The digitally-connected world has changed everything–from our social lives, to the way we do business, to the way we learn. COVID sped up this process, and our institutions have had to adapt. Schools went online, offices turned to remote work, and most importantly, our relationships to these things have forever been changed.
That’s because a lot of questions are now being raised about the nature of work and school. Many people are realizing that they want more of a work-life balance. Some of us are wondering if we really need a degree; these days, you can learn just about anything on the web!
Since the power is now in our hands, learning is being redefined. It isn’t something you simply do in a classroom. In fact, it’s often “self-directed”—and it certainly doesn’t have to be boring!
When you surf the web to find out more about the things you’re curious about, this is considered self-directed learning. For example, when you watch a YouTube tutorial, it might not feel like learning–but it’s an incredibly useful way to gather information.
We’ve seen an explosion in edutainment, too, or educational content that’s highly entertaining. There are also volunteers maintaining invaluable websites like Wikipedia, the most widely-read encyclopedia in history. People are coming together to learn and to share their knowledge with others through the internet.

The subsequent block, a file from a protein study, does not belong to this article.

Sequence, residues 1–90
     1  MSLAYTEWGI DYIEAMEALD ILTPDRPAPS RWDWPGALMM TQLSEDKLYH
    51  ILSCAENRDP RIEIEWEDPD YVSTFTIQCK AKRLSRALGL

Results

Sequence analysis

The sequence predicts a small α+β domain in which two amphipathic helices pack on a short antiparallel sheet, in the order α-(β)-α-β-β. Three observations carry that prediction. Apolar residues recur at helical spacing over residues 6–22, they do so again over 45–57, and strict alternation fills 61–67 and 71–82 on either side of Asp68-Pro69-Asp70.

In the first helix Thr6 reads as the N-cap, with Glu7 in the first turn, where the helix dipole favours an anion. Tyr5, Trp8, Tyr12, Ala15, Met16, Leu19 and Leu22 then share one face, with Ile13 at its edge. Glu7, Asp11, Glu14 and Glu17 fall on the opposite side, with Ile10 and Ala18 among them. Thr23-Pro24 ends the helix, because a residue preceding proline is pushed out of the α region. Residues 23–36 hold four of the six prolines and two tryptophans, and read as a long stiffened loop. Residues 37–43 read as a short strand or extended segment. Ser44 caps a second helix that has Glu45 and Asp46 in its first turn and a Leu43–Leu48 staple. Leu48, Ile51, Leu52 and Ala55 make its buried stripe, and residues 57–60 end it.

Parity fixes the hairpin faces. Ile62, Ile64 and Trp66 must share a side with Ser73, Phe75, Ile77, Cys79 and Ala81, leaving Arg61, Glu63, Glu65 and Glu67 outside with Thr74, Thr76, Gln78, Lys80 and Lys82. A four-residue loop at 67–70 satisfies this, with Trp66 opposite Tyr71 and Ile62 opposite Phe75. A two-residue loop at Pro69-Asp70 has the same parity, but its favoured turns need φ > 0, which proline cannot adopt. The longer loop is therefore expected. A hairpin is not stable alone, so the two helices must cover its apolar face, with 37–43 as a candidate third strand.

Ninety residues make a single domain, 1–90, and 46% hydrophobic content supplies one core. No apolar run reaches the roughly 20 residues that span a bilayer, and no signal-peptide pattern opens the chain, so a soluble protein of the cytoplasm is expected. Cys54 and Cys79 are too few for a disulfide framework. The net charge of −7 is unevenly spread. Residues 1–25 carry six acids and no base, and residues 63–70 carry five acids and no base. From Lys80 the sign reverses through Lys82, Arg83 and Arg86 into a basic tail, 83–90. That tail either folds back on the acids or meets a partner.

So whether you’re researching a personal interest or you’re trying to gain a new skill, you can dive pretty deep into any subject and find the answers that you’re looking for.
Having a steady stream of information at your fingertips allows you to keep asking questions. The potential to learn new things seems endless–and it’s amazing how you can simply do this on your own.
But when we’re searching for good content on the web, there are two main challenges we run into: (1) we’re constantly dealing with information overload, and (2) our time is limited. After all, we only have so many hours in a day! And it’s easy to get overwhelmed by the number of videos, articles, and websites we stumble across.
This is why you might start exploring the group-based options which are available online. The information is gathered for you, and this can save you a lot of time. We’ll explore group-based formats in Lesson 3.
Just remember: some people are visual learners who prefer watching videos. Some of us like listening to podcasts or audiobooks. And of course, some of us are old-fashioned readers. You might prefer working independently, or you might like interacting with other people.
All of these learning methods are possible in the world of online education. And chances are, you already have an idea of what works best for you. It’s something to keep in mind as you read (or skim, or watch!) the information in this tutorial.
Next up, we’ll help you to outline your learning goals and tap into your motivation.